“My students have so much to offer this country. They are all so full of knowledge.”
“Do any of your students go on to college?” I asked.
Looking up from her lesson plans, with tears of pride in her eyes, Luisa answered enthusiastically, “Yes! Many of my former students have gone on to college. In fact, it is my dream that every student leave here ready for college.”
|Luisa Orellana (Whitworth)
Luisa Orellana is an ESL (English as a Second Language) professor for the Community Colleges of Spokane Institute for Extended Learning. She is also an ESL teacher for District 81 elementary schools in Spokane, Washington. As the night class ESL instructor, Luisa works with students from all around the globe, with a wide range of English speaking levels, and a multitude of background stories. Many of her students come from war-torn countries, and have lived through unspeakable tragedies.
Luisa has a unique perspective on her students’ plight. In her native country, Luisa and her family were in constant fear for their lives and freedom. She and her family came to this country from El Salvador as refugees when she was only 14 years old. As a way of protesting U.S. support in the war in El Salvador, churches banded together to give homes to those misplaced and driven from their homes by war. Luisa and her family were taken in by the Saints of the Border in the early 1980’s. They lived in Tucson, Arizona for a time. (See link below for the story of the Orellana family journey.)
|Luisa as a young girl (Tucson Weekly)
Eventually, they moved to Spokane, Washington. There they resided with other refugee families in the basement of St. Anne’s Church near Gonzaga University for seven years. Luisa and her siblings attended Gonzaga Preparatory School. It was there that she began to learn to speak English. She used a mini tape recorder to record everyday conversations: on the bus, in the grocery store, in the park, on the street. She used these tapes to help her speak more fluently.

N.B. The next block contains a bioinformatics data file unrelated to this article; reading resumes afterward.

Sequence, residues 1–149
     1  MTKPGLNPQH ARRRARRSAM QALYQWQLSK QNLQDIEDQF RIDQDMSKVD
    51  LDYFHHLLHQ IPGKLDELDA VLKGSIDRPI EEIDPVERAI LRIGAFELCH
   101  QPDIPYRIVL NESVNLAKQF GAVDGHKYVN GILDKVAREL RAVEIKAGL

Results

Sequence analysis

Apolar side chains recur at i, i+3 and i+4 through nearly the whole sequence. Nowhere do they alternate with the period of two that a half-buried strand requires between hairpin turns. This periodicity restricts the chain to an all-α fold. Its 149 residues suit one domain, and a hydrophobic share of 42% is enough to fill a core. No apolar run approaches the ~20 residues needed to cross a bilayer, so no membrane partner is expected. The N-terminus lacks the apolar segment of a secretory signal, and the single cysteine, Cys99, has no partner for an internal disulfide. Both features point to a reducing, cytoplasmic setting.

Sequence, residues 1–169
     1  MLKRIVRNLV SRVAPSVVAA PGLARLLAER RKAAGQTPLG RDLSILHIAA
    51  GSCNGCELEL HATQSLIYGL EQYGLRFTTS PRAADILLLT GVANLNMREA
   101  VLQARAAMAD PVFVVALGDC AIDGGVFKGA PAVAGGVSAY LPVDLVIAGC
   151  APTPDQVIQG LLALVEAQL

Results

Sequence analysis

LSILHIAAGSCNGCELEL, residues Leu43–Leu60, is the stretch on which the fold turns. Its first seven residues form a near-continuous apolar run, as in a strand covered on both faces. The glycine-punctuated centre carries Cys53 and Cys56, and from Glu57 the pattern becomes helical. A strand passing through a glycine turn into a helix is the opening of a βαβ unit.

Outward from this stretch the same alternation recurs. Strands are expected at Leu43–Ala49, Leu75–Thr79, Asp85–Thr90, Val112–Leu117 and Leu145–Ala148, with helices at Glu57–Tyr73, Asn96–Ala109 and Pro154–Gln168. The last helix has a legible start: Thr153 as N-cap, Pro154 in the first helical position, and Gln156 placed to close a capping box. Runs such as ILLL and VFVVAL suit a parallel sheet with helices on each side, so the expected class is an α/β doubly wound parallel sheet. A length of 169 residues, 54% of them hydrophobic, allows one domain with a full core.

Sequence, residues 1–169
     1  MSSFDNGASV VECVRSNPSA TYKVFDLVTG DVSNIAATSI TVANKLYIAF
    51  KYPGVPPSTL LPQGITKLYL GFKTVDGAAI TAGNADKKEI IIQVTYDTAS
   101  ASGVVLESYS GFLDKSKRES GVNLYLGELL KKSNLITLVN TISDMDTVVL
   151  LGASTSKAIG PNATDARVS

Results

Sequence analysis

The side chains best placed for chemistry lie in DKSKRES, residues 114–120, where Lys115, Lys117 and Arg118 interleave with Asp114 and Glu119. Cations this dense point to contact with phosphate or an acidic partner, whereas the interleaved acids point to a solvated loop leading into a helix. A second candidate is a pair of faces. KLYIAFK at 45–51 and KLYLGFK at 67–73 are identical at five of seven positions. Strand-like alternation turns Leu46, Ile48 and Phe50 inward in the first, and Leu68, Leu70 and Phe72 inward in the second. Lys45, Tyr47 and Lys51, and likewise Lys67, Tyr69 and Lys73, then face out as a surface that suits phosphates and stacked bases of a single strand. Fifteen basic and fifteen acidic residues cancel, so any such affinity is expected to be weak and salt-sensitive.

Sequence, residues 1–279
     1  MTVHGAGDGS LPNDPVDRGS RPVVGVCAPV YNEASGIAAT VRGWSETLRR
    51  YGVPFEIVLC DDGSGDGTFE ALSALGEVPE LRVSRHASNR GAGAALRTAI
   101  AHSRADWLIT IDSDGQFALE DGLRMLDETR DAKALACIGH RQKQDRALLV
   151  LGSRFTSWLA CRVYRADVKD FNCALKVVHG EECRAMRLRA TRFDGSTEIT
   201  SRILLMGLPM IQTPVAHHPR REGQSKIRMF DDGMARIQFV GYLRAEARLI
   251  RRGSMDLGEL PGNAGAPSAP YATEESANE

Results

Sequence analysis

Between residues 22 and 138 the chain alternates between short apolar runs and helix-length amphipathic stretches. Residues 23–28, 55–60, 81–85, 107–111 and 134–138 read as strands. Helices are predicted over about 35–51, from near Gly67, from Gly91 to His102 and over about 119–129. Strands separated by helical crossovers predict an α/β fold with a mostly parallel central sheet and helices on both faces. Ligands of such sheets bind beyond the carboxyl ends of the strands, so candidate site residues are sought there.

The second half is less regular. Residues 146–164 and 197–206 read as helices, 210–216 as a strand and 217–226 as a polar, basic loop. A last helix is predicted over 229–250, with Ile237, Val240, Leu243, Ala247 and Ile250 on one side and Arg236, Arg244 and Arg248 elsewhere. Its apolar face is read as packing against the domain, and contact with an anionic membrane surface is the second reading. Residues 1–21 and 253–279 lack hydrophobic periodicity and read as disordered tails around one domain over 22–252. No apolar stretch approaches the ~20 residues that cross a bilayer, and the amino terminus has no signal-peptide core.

Though her childhood was wrought with danger and uncertainty, Luisa has a very positive outlook on life. “That kind of experience always stays with you – you can choose to be miserable, or you can see that it is such a blessing to be left alive and choose to make a difference. We all have something to teach.”
“My goal for my students is to get an education and make a difference in the world. I tell them, ‘Give your heart to whoever is around you in the best way you can.’” And Luisa walks her talk. She talks with her students about going to college. She helps them fill out job applications. She knows firsthand how important it is to be able to communicate in order to succeed in a new country, and how hard her students have to work to do this.
She has many heartwarming stories about her father, a deacon in their church, and the loving, humorous way he taught her and her siblings life lessons. “I think it is wonderful when parents can help children learn in fun and exciting ways,” Luisa says. She is currently writing a children’s book to tell a particularly touching tale about when she and her younger brother were young and hungry. This story, one she calls “The Watermelon Seed,” is sure to speak to the hearts of many. “He taught me that you can make children proud of the way they respond to mistakes, instead of ashamed that they made them,” she says of her father.
Luisa Orellana exemplifies caring. Luisa Orellana exemplifies citizenship. She is an inspiration. She inspires her students to try harder, to reach higher, to dream bigger. She inspires other teachers (myself included) to try harder, give more of themselves, and teach by example.
- Link to news article about the Orellana family journey across the border
- Information about El Salvador
- Link to ESL webpage